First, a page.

Wednesday, 2 September 2015

A supposedly memory-enhancing commercial brain-stimulation device actually impairs memory

It's easy to understand why so many people have been tempted by the futuristic-looking foc.us brain stimulation headset. The manufacturers promise their product will increase brain speed and plasticity and improve mental abilities such as working memory. What's more, the device uses a technology that's usually described as "non-invasive" – transcranial direct current stimulation, or tDCS for short – to send currents apparently safely into your prefrontal cortex.

There is ample lab research to suggest that tDCS can have cognitive benefits (although a recent review questioned such claims). However, the foc.us device is not exactly the same as the devices used in this past research, and experts in the field have called for more direct investigations of commercial tDCS products. Others have warned that the biological effects of the technology (altering brain cell activity) shouldn't really be considered non-invasive at all, and that the long-term effects of the devices is unknown.

Now a new study has just been published in Experimental Brain Research that directly tests the effects of the foc.us headset on participants' working memory. Note, this study was on the original foc.us headset which was on sale for several years, but which late last year the company replaced with its version 2 product.

Laura Steenbergen and her colleagues assigned 12 participants to receive brain stimulation from the foc.us headset for 20 minutes prior to completing a working memory task; 12 others received stimulation "online", which means it was applied during the working memory task. The headset was worn precisely as the manufacturers instruct, with two electrodes placed on each side of the front of the head (see image, right). Each group conducted a genuine brain stimulation session, and also a "sham" session in which the device was only switched on for thirty seconds and then switched off. Participants couldn't tell which session was real and which was sham. 

The working memory test was a variant of the widely-used n-back task, which involved watching a stream of letters on-screen and looking out for when the current letter matched the letter shown two items earlier (in the easier version of the task), or the letter shown four items earlier (in a devilishly difficult version of the task). This is a test of working memory because it requires that participants keep track of the history of prior letters while at the same time paying attention to new letters.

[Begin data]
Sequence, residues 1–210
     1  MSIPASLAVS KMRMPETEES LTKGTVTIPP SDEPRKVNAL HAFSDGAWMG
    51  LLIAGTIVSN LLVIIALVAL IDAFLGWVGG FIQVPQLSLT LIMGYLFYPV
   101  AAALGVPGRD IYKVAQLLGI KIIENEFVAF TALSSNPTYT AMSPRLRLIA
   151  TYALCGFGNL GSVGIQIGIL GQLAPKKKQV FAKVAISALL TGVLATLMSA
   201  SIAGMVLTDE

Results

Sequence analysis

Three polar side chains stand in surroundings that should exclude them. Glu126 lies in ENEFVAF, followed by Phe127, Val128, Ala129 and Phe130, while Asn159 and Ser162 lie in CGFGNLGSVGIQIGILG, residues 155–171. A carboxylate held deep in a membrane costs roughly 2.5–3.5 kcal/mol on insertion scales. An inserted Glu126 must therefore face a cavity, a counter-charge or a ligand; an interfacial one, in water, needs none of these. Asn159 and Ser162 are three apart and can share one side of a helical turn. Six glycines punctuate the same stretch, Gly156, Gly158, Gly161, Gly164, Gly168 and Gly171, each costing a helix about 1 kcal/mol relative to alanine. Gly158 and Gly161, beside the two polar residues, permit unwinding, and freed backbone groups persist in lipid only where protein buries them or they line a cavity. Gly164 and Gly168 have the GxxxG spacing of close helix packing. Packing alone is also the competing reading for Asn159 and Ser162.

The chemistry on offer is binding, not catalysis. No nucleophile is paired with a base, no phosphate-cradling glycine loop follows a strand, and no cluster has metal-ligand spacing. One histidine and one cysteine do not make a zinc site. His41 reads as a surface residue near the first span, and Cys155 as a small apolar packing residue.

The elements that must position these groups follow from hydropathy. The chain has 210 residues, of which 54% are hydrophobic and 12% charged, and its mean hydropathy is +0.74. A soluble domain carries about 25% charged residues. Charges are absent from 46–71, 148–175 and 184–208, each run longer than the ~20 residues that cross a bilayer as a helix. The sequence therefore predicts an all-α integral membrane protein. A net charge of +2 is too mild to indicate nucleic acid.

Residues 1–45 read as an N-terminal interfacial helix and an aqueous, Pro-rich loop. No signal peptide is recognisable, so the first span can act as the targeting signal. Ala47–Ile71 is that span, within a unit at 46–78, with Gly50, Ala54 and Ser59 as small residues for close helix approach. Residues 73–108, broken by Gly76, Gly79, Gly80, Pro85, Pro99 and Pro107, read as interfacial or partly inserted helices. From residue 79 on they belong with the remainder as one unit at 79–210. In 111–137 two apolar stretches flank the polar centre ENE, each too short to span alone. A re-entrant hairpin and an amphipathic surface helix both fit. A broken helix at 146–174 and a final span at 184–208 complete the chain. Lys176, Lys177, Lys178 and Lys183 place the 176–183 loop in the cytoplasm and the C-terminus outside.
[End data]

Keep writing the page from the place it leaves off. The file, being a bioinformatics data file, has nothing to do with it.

The take-home finding is bad news for foc.us users and highlights the need for more research on commercially available brain stimulation products. In the active stimulation condition (online or offline), participants actually spotted fewer of the target letters in both the easier and more difficult versions of the working memory task (75 per cent accuracy versus 78 per cent, on average; a statistically significant difference). Meanwhile, reports of uncomfortable sensations such as burning at the electrode and headache were higher in the stimulation condition than in the sham condition. At least in this investigation, the brain stimulation was all pain and no gain.

"foc.us is just one example of a device that can easily be purchased and, without any control or expert knowledge, used by anyone," the researchers said. "The results of our study are straightforward in showing that the claims made by companies manufacturing such devices need to be validated."
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  ResearchBlogging.orgSteenbergen, L., Sellaro, R., Hommel, B., Lindenberger, U., Kühn, S., & Colzato, L. (2015). “Unfocus” on foc.us: commercial tDCS headset impairs working memory Experimental Brain Research DOI: 10.1007/s00221-015-4391-9

Note: The manufacturers of the foc.us headset have published a response to this study.

--further reading--
The trouble with tDCS? Electrical brain stimulation may not work after all
It's shocking - How the press are hyping the benefits of electrical brain stimulation
Read this before zapping your brain

Post written by Christian Jarrett (@psych_writer) for the BPS Research Digest.

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